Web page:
New Mexico County Hit By Suspected Ransomware Attack
Business Continuity Management / Disaster Recovery
Critical Infrastructure Security
Bernalillo County Officials Working With Security Vendors to Restore Systems
Stay tuned for updates on this developing story.
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The government buildings in Bernalillo County, New Mexico, were closed after the county’s IT systems reportedly suffered a ransomware attack on Wednesday. County officials say all affected systems were taken offline and servers were isolated following the attack.
While technical details around the incident remain scarce, officials estimate that the systems were disrupted between the hours of midnight and 5:30 a.m. on Wednesday, according to a statement issued by Bernalillo County.
County staff are working remotely as systems are restored, officials say. Critical services, including emergency response units, continue to operate, they say.
The county says it is working with third-party vendors to restore its systems to full operation as soon as possible. At this time, staff do not have access to public databases, which complicates the process of assisting residents.
Bernalillo County is the largest county in New Mexico, with nearly 700,000 residents in surrounding cities, including Albuquerque.
Replying to an inquiry from Information Security Media Group on Thursday, a county spokesperson declined to provide further details or updates on the investigation.
Details of the Attack
Authorities and security teams involved with the investigation have not yet publicly described the malware strain or attributed the crime to a particular ransomware gang. With operations still reportedly down, it remains unclear when Bernalillo County’s network will be fully restored.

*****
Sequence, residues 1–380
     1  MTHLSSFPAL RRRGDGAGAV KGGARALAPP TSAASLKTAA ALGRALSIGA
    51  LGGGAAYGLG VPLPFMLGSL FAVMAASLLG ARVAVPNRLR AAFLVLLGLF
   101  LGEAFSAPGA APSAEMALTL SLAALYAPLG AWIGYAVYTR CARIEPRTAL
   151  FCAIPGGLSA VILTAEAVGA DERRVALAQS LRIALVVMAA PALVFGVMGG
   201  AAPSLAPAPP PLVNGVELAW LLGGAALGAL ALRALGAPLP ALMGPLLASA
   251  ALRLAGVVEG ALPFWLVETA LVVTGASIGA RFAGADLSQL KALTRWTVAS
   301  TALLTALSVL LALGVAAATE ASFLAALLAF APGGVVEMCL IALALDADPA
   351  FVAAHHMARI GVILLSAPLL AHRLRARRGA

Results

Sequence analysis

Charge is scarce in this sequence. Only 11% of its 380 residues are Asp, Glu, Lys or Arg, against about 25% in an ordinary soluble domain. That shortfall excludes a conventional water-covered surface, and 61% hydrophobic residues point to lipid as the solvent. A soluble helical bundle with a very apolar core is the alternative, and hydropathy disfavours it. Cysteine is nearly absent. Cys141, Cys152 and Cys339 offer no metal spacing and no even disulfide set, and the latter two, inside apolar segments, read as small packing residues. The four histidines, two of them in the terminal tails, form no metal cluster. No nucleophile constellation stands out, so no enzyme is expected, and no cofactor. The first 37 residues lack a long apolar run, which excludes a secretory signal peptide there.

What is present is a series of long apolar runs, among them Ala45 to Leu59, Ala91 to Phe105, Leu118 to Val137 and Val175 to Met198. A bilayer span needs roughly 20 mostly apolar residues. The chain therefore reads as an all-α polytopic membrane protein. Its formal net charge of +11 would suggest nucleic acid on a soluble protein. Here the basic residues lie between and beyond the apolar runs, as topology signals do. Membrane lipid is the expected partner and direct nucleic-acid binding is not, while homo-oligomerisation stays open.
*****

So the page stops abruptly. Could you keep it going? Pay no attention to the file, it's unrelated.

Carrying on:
County officials say law enforcement agencies are still responding to 911 calls, and the sheriff’s office and fire and rescue units are responding to calls with limited resources.
In the wake of the attack, the county’s Metropolitan Detention Center, while still able to process inmates, has canceled visitation. Its planning and development department, also affected, is currently accepting permit applications through a public drop box.
County spokesman Tom Thorpe told local media outlet KOB-4, an affiliate of Hubbard Broadcasting Co., that no ransom demands had been received, to his knowledge. It is unknown whether the county has cyber insurance or whether it provides specific training to staff on phishing or other cybersecurity concerns.
In a statement to local news outlet KOAT Action News 7, the FBI’s Albuquerque Division said that it was aware of the incident and while it could not confirm or deny an investigation was taking place, it was “customary” to offer assistance on matters related to such crimes.
Ransomware as a Service, or RaaS, continues to be a growing threat in the public sector, with ransomware gangs concentrating efforts on vulnerable networks connected to schools, smaller municipalities, and county governments worldwide (see: The Ransomware Files, Episode I: The School District).
Bernalillo County is far from the only U.S. county to fall victim to a crypto-locking attack.
In September, for instance, Pottawatomie County, Kansas, was the victim of a ransomware attack that resulted in its computer networks staying dark for two weeks. Officials reportedly paid a ransom – and had cyber insurance.
Ransomware operators are known to disband and then reemerge and as of the end of the year, four variants – LockBit, Conti, BlackMatter, and Hive – accounted for more than 50% of current ransomware attacks. New operators also continue to emerge.
Garret Grajek, CEO of security firm YouAttest, says that “no company, county, or organization” remain off-limits for hackers, who will continue to automatically scan for known vulnerabilities to enter a network.
With growing threats surrounding ransomware, the Biden administration, the U.S. Cybersecurity and Infrastructure Security Agency and other federal agencies have placed an emphasis on combating ransomware – particularly those incidents targeting 16 sectors of critical infrastructure (see: Senators Seek Clarity on DHS, DOT Cybersecurity Efforts).
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